Plato’s Parable of the Ship

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Sailing ship
Sailing ship,
originally uploaded by pedrosimoes7.

Long ago, Socrates knew that nations (like souls, to which he compares them) are not very well-ordered: few citizens do what they are best suited for, everyone wants to interfere with everything, and only buffoons are typically in charge. In Republic, Socrates narrates a wonderful parable to demonstrate his point.

“Imagine then a fleet or a ship in which there is a captain who is taller and stronger than any of the crew…. The sailors are quarreling with one another about the steering – everyone is of the opinion that he has the right to steer, though he has never learned the art of navigation…and will further assert that it cannot be taught, and they are ready to cut in pieces anyone who says the contrary. They throng about the captain, begging him to commit the helm to them; and if at any time they do not prevail, but others are preferred to them, they kill the others or throw them overboard…. [Finally, having put the noble captain out of commission] with drink or some narcotic drug, they mutiny and take possession of the ship….”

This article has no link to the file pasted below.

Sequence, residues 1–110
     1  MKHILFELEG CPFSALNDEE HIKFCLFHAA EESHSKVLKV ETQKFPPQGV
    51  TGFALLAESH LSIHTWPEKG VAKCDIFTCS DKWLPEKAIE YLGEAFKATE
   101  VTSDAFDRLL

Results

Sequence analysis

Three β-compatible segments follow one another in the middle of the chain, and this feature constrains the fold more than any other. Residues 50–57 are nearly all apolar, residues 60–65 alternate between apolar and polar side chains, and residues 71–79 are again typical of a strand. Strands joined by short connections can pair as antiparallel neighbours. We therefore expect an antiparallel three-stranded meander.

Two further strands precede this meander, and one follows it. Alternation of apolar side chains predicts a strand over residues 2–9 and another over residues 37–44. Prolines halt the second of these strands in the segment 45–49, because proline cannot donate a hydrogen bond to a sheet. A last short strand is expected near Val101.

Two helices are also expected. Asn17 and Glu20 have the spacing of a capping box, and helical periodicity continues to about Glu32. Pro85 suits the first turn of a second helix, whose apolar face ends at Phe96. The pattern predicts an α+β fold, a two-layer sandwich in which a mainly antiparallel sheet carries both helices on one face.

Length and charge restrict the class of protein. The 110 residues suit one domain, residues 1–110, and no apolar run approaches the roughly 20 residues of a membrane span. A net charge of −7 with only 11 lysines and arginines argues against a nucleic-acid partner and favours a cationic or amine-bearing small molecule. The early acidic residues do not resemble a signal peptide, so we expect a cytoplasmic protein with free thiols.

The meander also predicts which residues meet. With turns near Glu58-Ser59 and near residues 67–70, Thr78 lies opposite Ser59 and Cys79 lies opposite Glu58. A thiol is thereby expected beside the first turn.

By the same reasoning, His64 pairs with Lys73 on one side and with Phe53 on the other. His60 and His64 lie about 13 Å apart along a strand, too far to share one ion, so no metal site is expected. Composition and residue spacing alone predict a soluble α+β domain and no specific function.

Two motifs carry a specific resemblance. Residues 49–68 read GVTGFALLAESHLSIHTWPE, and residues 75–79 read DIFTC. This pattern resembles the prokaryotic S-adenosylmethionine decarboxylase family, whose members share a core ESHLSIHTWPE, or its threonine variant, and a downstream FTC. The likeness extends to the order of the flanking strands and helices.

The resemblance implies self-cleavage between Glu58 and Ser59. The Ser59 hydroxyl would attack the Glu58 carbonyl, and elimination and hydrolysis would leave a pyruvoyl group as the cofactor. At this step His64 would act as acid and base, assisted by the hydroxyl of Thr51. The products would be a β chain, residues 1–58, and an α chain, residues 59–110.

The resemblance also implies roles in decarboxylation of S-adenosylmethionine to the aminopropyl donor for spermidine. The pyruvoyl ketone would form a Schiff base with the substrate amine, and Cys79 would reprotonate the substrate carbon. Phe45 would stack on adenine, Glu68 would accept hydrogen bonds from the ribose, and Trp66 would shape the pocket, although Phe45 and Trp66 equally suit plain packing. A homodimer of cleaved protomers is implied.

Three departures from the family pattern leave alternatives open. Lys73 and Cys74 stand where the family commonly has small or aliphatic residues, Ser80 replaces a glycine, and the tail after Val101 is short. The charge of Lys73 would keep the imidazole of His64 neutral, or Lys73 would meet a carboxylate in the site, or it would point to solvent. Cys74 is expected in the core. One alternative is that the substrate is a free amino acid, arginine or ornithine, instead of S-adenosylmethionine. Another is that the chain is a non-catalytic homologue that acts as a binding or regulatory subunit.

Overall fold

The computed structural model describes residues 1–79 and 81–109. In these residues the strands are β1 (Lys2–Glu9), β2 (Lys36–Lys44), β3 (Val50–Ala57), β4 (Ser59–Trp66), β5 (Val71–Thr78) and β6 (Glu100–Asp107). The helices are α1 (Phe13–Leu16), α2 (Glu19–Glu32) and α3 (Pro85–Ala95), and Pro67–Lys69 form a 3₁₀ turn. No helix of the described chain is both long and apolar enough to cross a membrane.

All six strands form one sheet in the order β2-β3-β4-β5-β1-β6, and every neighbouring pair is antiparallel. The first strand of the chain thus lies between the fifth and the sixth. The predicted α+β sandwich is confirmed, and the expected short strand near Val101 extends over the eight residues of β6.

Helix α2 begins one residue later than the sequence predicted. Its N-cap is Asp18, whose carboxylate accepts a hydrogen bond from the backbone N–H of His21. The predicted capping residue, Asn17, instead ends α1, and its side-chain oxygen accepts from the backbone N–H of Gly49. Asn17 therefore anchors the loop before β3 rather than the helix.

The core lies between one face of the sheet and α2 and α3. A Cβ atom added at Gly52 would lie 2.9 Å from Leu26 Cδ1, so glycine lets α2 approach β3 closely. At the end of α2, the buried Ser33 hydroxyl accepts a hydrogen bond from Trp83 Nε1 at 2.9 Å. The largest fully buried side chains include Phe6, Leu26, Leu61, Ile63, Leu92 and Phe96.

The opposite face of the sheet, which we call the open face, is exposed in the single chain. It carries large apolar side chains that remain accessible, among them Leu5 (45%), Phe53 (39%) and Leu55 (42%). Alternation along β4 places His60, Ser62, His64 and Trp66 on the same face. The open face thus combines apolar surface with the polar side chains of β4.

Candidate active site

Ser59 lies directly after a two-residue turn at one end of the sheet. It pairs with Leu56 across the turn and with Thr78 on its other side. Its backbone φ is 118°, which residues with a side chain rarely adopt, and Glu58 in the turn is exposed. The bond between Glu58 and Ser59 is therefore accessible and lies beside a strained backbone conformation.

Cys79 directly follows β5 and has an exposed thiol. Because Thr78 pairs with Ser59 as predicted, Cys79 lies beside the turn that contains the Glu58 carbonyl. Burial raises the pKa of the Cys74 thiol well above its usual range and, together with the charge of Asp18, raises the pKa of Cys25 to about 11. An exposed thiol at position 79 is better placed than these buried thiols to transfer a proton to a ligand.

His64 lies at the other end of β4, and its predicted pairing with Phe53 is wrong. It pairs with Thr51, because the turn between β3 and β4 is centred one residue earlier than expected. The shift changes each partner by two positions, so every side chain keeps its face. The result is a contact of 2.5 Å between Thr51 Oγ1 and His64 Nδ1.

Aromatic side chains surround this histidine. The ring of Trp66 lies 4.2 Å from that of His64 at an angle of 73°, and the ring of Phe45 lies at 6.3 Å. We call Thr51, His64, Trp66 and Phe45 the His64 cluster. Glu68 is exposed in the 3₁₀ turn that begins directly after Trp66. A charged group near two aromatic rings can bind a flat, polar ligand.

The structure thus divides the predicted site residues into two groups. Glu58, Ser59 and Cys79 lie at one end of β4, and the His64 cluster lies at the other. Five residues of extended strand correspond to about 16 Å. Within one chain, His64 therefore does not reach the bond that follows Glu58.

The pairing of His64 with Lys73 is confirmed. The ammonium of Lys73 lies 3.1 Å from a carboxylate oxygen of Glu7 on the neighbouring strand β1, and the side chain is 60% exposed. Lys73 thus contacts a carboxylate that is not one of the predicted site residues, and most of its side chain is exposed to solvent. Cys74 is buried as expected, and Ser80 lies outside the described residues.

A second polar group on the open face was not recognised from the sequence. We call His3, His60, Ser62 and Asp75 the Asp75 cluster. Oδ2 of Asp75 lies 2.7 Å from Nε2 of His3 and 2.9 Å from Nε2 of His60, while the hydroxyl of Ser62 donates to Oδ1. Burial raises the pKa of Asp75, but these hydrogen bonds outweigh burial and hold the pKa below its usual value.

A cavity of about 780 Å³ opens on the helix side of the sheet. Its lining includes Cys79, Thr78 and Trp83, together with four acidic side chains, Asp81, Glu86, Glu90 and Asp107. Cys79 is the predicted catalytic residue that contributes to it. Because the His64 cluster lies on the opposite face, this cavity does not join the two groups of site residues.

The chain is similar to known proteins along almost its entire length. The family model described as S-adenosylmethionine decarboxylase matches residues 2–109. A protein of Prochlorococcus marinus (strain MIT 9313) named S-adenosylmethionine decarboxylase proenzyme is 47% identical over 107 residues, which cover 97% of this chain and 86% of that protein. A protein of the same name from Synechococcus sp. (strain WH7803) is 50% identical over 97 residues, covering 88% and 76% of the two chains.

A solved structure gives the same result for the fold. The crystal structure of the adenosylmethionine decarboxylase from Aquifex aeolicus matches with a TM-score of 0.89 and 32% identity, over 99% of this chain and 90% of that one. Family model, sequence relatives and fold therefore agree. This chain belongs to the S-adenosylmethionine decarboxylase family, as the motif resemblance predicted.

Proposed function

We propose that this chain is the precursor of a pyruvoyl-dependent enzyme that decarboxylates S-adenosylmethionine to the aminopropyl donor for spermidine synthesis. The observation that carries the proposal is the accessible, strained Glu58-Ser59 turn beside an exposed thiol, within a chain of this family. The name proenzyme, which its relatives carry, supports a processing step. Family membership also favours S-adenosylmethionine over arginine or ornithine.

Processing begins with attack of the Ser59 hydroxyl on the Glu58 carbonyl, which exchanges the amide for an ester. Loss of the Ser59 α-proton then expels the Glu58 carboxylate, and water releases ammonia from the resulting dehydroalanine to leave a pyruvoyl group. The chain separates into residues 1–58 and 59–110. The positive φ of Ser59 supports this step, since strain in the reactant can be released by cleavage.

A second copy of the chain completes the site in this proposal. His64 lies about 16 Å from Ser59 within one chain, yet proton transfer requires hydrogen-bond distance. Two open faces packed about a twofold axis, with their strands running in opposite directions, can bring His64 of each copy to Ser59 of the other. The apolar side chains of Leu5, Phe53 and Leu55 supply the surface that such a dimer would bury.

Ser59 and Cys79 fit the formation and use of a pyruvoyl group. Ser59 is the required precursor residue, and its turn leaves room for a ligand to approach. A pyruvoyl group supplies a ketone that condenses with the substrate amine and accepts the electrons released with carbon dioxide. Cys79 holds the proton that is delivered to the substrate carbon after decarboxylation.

After this, the sailors “make free with the [ship’s] stores”, and “eating and drinking, they proceed on their voyage in such a manner as may be expected of them.” They love and compliment whoever approves of their behavior, and accuse all others of being fools and good-for-nothings – including of course, the captain.

Sounds familiar. Of course, if Socrates is correct, this is also the condition of our souls: The rightful authority has been narcotized, the staff has mutinied and is running amok, and the elements of wisdom and conscience are belittled, ignored, or even destroyed.